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The ship’s bell strike movement is suitable for a brass casing with hinged brass bezel. As I have not listed it in my pages yet, here are some options:
Ship’s Bell Strike
Unlike public and domestic clock bells (or gongs), the strikes of a ship’s bell do not match the numbers of the hours. Instead, there are eight bells, one for each half-hour of a two or four -hour watch.
In the age of sailing, watches were timed with a 30-minute hourglass, hence the German expression “Glasen”. The Sailors on Watch duty would turn the hour-glass and strike the ships bell according to the bell pattern below. (Half of a 24 – hour period)
|Number of bells||Bell pattern||half of a full period|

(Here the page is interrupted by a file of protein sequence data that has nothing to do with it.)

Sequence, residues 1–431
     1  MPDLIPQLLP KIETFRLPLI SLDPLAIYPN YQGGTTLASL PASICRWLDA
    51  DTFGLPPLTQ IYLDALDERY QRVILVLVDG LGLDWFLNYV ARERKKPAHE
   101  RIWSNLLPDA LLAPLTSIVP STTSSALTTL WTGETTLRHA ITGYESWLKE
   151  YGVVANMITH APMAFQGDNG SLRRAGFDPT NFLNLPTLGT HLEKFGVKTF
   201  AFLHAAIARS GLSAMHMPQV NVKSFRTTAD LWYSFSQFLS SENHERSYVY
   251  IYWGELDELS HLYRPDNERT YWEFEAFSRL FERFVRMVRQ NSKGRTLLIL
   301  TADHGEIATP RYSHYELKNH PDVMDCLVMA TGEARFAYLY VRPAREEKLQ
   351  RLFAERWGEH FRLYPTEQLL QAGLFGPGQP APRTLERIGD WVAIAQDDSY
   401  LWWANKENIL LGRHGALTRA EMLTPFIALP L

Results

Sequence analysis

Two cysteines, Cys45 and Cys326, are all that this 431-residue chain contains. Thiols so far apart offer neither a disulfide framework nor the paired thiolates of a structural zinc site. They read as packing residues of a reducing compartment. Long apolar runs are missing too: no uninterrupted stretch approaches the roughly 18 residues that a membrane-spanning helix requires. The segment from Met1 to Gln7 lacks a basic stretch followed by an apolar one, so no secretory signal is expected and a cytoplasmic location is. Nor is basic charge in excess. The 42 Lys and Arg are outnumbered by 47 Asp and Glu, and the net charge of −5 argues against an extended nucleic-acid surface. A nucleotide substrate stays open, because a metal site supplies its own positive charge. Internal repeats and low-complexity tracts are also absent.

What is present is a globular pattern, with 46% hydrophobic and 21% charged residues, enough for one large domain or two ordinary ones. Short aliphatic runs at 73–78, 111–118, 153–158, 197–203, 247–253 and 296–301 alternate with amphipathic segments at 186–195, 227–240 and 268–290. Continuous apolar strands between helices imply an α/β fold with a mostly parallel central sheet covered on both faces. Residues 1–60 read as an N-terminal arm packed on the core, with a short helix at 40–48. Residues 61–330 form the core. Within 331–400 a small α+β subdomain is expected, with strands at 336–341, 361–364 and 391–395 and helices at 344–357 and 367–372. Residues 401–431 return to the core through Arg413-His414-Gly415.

|Three bells||2 1||01:30||05:30||09:30|
|Four bells||2 2||02:00||06:00||10:00|
|Five bells||2 2 1||02:30||06:30||10:30|
|Six bells||2 2 2||03:00||07:00||11:00|
|Seven bells||2 2 2 1||03:30||07:30||11:30|
|Eight bells||2 2 2 2||04:00||08:00||12:00|
a) I can sell the movement as a trade deal, all functions are working well. But the movment has been in stock for a long time and needs a service ( no bushes to be replaced ) I supply a brass dial, 150 mm diamter, roman numbers engraved, filled in black, no winding holes drilled, two slots for regulator and strike switch-off to be made. ( The backplate is the guide )
b) I do all that work and fit the complete unit into your casing
c) I will try and get a brass casing and fit the clock complete
d) I will have one of my oblong “Port – Hole” brass casing re-furbished and fit the clock movement with dial and a suitable barometer into that casing.
Once I have more details about casings, I will list them in my pages with more details on the movement.
7. May 2019